The irony of Oak Bluffs is that people so loved its beaches, they set about destroying them.

They built so close to the ocean’s edge they had to defend their development with a seawall. And the seawall prevented the natural replenishment of the sand, so the beach eroded away.

And now, as Dr. S. Jeffress Williams, senior coastal marine geologist with the U.S. Geological Survey in Woods Hole makes quite clear, there are only two choices. Either you remove the concrete armor from the shore and retreat, or you artificially recreate the beaches by bringing sand from somewhere else.

It’s a Hobson’s choice, really. Difficult and expensive as it might be to move vast quantities of sand, it’s cheaper and easier than moving the town.

beach fence
Snow fence protects dunes
at Lucy Vincent Beach. — Mark Alan Lovewell

“The Vineyard coast,” Mr. Williams said, “as most coasts, is suffering the effects of storms and relative rises in sea level and just generally sand-starved conditions.

“As we armor the bluffs to stabilize them and protect houses et cetera, we are cutting off the natural sand supply. Erosion of the bluffs is what feeds the beaches.

“The only solution is to nourish the beaches, either from dredging offshore or trucking sand in from other places.”

There was a time when people thought the answer was groins or jetties, jutting out from the coastline to catch sand as it drifted by with the current. But experience has discredited that idea.

Sure, some sand is caught on the up-drift side of the structure, but erosion actually increases on the down-drift side. Just as freeways are the fastest way of moving a traffic jam from one place to another, so groins are the best way of moving an erosion problem from one place to another.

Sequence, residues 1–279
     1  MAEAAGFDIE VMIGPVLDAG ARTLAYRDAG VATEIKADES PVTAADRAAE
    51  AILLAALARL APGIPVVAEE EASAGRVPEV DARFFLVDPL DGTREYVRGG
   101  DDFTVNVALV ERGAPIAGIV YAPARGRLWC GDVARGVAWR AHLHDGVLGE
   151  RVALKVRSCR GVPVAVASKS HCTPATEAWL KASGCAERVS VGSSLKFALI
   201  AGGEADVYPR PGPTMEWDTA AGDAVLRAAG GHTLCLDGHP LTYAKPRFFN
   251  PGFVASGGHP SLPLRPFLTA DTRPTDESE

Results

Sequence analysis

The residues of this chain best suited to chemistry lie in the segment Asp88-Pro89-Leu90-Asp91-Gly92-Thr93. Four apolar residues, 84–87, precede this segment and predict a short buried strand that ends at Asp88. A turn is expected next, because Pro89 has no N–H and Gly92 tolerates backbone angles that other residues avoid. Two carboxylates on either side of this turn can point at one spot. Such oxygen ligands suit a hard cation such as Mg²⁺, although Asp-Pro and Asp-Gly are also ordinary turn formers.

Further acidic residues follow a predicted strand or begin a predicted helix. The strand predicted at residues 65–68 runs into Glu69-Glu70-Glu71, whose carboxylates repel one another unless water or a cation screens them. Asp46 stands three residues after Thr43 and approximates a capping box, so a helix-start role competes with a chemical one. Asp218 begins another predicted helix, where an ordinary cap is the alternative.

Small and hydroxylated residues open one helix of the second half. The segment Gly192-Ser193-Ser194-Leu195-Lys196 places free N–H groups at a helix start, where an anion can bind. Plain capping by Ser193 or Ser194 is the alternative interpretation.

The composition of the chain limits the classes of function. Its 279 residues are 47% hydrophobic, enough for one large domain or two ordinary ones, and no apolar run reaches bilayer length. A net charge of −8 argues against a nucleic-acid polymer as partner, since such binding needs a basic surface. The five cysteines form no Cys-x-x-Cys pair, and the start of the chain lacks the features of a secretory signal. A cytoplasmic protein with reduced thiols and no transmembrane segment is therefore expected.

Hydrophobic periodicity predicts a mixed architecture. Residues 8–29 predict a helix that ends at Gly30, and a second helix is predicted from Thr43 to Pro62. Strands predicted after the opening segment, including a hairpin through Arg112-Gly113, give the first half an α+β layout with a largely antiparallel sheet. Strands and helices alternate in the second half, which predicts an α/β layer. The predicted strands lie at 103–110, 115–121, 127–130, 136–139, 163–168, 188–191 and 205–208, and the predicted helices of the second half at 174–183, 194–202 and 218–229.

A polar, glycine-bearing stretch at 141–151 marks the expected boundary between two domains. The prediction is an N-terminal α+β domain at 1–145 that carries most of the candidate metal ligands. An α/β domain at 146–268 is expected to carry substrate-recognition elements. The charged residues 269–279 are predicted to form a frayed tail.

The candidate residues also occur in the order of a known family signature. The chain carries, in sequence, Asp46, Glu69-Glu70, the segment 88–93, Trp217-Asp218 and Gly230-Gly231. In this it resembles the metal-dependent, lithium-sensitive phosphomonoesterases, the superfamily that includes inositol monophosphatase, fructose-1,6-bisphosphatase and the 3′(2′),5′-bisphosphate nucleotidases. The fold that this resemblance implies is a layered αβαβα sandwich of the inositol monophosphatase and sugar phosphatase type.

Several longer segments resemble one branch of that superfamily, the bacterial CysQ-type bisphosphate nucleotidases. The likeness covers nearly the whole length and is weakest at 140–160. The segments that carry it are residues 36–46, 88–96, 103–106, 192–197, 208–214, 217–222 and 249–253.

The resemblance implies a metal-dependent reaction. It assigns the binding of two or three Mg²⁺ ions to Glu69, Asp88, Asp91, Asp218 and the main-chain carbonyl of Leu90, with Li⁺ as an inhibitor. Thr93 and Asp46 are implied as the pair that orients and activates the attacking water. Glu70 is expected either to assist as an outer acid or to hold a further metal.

Oak Bluffs provides a fine example. The rock jetty which makes Pay Beach relatively sandy is the probable reason Inkwell Beach, which adjoins it, has largely disappeared.

Inwkell beach
Sand at Inkwell Beach to right of Army Corps
of Engineers jetty, has been eaten away in Oak Bluffs. — Mark Alan Lovewell

The people who built these structures did not know about these impacts, and they certainly didn’t know about global warming, but the fact remains that they left a problematic legacy, which is why Oak Bluffs now faces some hard decisions.

Oak Bluffs conservation agent Elizabeth Durkee said the town conservation commission has applied for Community Preservation Act (CPA) money to do three things.

“First is to determine the structural integrity of the seawall along that whole stretch from the harbor down past the Inkwell. There are portions that are really unstable.

“Second, we also want to look at that jetty — one answer might be removal,” Mrs. Durkee said.

beach sand
Sand from Farm Pond culvert dredging
goes to replenish Inkwell Beach. — Mark Alan Lovewell

“Third, to do what profiling is necessary so we can designate that whole stretch a beach nourishment site should sand become available.”

In the case of the jetty which is affecting Inkwell, removal could be problematic, given the existence of the seawall which starves the beach of sand. Would sand flow onto Inkwell, or just be lost?

In any case, the beach would still need more sand than it now has. And beach needs to be done over and over again.

Said Mr. Williams: “It might last five years or 10 years, or one year, depending on the conditions.”

Said Mrs. Durkee: “Beach nourishment is the only kind of project designed to fail. Because you put it there, and you know it’s going to wash away.”